Monday, December 14, 2015

Jesus asks for Your Loyalty: God the Father or Money of this World (1 John 2:15-17)

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Do not love this world nor the things it offers you, for when you love the world, you do not have the love of the Father in you. For the world offers only a craving for physical pleasure, a craving for everything we see, and pride in our achievements and possessions. These are not from the Father, but are from this world. And this world is fading away, along with everything that people crave. But anyone who does what pleases God will live forever
(1 John 2:15-17,

Apostle John here is telling us to be careful not to love the world or anything in it. Now what does John really mean by this? Does he mean the physical world – that we should go around and tear out all the plants and trees we see, pollute the air and water, and kill all the animals? Of course not. From the beginning of history, God told human beings to use the resources of this world carefully, for they were all created by Him for a special purpose (see Genesis 1:28-31). Nor John is telling us to hate the people of the world, for “God loved the world so much” (John 3:16).

If John does not mean the physical world or the people of the world then, what does he mean when he tell us “do not love this world”? I’m convince that what he means is the pagan society, the values of this world, and the ungodly-worship of false gods. This is the world we should not love. During the time of John (even today) he noticed that some believers had left their faith and joined other faiths, or had no faith at all. The persecution of the early Christians had been terrible – ridicule, imprisonment, torture, even executions. Understandably, the pressure had been so great that some Christians evidently decided that it just wasn’t worth all of the effort to maintain their faith.

The early Christians were having to pay the price for their faith in a way that many of us today may find hard to understand. Can you imagine if your job or choice of colleges or your very life depended upon whether or not you renounced your faith? (Oh, maybe you can) Now, can you imagine how strong that pressure might have been on the early Christians? But even then, no excuse – in the past, present or future – the Christian faith calls people to be special or unique, not necessary odd, just different. Our Christian values may be quite different from those who are nonbelievers. Instead of letting the world, our friends or neighbours determine what is important, we are to ask God and study His Word and live by Biblical values that show that we honour God and want to please God first over everything. “Anyone who does what pleases God will live forever.”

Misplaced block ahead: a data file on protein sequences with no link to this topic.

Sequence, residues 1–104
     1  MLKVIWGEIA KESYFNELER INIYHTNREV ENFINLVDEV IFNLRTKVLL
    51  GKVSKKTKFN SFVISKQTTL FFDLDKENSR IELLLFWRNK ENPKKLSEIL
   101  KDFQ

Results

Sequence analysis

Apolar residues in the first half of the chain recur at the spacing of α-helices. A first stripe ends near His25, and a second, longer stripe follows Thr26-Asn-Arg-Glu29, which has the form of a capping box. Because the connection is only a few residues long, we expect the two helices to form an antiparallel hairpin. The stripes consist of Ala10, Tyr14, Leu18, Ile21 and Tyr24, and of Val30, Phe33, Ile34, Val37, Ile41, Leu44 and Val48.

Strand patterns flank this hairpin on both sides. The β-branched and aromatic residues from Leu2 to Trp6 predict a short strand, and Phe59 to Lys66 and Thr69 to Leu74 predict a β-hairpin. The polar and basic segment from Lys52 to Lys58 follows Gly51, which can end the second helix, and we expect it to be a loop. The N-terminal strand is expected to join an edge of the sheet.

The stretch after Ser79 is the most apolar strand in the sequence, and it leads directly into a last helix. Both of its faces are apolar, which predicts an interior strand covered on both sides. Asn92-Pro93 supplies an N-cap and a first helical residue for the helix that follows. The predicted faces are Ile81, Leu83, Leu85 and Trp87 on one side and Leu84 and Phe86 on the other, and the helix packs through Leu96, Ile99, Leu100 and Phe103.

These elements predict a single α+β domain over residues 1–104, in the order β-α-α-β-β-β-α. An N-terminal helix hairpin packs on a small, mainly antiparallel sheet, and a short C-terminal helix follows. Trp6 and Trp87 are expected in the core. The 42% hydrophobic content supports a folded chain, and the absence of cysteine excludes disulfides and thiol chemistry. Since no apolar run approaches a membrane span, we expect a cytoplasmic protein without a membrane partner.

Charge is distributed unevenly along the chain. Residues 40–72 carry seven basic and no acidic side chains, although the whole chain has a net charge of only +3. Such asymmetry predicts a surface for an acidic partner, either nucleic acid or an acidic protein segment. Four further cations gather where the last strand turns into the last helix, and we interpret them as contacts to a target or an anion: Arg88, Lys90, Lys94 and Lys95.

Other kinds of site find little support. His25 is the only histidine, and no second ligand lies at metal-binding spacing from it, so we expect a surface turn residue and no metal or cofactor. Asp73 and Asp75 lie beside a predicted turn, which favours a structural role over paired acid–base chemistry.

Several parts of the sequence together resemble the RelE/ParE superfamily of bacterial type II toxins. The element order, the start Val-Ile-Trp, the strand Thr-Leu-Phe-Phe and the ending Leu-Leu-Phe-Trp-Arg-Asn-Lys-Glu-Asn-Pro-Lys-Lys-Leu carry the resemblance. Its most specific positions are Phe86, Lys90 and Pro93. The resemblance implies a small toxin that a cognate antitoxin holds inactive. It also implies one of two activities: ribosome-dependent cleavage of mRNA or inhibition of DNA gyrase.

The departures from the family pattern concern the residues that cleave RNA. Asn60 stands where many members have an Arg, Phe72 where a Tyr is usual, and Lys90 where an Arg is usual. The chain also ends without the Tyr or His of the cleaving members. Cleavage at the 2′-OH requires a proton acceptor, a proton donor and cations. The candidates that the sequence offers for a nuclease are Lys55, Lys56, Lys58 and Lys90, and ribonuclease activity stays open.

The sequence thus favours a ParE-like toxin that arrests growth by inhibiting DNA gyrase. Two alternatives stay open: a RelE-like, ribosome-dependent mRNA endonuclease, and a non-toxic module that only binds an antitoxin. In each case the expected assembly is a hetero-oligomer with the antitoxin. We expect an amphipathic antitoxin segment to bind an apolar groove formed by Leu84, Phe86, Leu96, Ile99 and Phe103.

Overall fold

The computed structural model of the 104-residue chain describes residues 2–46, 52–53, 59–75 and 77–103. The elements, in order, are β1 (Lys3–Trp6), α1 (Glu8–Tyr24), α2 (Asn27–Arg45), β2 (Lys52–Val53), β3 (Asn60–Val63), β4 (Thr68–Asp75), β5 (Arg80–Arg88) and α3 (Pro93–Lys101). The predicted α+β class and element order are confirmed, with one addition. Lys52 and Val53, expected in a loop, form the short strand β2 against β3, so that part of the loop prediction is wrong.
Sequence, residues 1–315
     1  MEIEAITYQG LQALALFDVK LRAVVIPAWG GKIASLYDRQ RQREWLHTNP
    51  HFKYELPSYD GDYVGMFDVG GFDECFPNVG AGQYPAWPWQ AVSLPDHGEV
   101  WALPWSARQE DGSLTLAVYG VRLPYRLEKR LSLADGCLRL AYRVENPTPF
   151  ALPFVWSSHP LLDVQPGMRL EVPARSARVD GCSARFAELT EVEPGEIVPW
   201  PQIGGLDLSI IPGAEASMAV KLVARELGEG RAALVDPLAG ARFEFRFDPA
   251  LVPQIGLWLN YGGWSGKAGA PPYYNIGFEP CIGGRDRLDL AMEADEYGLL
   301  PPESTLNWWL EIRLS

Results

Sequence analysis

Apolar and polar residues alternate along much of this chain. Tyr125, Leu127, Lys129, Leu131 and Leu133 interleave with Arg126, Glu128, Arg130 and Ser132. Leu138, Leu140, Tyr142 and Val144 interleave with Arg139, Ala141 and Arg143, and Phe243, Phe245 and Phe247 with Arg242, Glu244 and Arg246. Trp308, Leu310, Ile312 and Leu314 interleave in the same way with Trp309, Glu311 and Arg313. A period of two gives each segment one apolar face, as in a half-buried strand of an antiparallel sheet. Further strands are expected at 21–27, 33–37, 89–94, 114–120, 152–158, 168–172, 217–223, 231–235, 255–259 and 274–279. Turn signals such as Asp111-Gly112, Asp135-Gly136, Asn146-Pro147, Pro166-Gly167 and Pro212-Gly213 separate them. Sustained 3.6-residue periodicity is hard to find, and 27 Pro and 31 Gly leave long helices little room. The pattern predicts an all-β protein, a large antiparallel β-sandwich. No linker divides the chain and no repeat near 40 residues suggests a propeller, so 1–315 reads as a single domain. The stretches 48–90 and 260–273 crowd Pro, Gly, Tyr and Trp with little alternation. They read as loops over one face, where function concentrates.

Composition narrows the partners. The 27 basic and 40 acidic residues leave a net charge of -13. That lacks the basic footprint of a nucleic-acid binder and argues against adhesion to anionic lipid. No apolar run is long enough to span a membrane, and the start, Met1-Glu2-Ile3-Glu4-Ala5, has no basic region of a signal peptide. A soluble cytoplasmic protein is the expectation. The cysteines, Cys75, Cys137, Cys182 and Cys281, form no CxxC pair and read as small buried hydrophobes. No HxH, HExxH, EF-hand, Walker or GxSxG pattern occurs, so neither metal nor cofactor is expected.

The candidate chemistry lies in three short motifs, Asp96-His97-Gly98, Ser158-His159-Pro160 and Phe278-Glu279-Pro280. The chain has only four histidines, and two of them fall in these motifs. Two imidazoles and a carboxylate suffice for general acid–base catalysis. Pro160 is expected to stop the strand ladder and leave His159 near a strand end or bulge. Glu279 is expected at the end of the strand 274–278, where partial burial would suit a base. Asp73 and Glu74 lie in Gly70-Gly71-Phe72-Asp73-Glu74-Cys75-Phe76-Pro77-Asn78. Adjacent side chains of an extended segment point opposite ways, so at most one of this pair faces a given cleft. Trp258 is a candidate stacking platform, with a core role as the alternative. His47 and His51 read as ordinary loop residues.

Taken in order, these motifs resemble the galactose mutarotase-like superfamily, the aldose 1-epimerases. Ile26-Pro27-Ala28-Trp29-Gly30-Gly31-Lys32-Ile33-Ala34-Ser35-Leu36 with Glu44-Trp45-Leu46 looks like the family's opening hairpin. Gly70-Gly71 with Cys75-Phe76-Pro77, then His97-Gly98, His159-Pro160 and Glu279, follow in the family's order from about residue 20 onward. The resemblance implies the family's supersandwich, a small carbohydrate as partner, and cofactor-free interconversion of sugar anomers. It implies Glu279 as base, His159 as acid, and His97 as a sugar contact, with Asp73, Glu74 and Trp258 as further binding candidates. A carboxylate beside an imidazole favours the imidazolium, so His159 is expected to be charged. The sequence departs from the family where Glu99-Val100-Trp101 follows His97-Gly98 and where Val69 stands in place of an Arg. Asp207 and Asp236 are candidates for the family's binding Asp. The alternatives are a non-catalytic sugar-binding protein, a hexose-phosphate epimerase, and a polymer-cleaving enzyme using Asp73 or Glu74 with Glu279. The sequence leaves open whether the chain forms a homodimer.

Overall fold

Maybe you have felt this pressure from the world recently. Ours greatest pressure today is not in the form of persecutions but tolerant, comfort and conformity. For example, people entice you to join wild party and drink alcohol because it is “cool” today, or the world trends influence your hairstyles and makeup, or gaining your status and recognitions thru fashions and collecting materials, or having no religion or mixing all the religion into one, etc. even it is the dumbest things to do.

Way back when Lord Jesus was on earth, He made it very clear that love for God and the world are mutual exclusive. Jesus acknowledged how powerful the pressures are to have money and material things and said we have to choose between two masters: God the Father or money (represents all the values and ungodly worship of false gods): “No one can serve two masters. For you will hate one and love the other; you will be devoted to one and despite the other. You cannot serve both God and money” (Matthew 6:24). The Apostle James went even further when he said: “Friendship with the world is hatred toward God” (James 4:4). Does Jesus really mean that we have to make such a choice, God or money? Can’t we have the best of both worlds? No. I’m afraid not. The powers and pressures of this world are so strong that a divided loyalty just doesn’t work in the long run.

The pressures of living in the world are so subtle but so strong that before long, our energies would go towards the worship of those things that are not of God – the need for power, popularity, and money. To “love this world” means to worship or be devoted to the world – to put your energies, attentions and hard works into making the world the most important part of your life. No matter how much we get of these things, it never seems to be enough. We can’t be satisfied with all of these except in God. The more you focus on the world, the less focus you have for God and what is really important in your life. Pleased God, not the world. Remember “Anyone who does what pleases God will live forever.” Amen.


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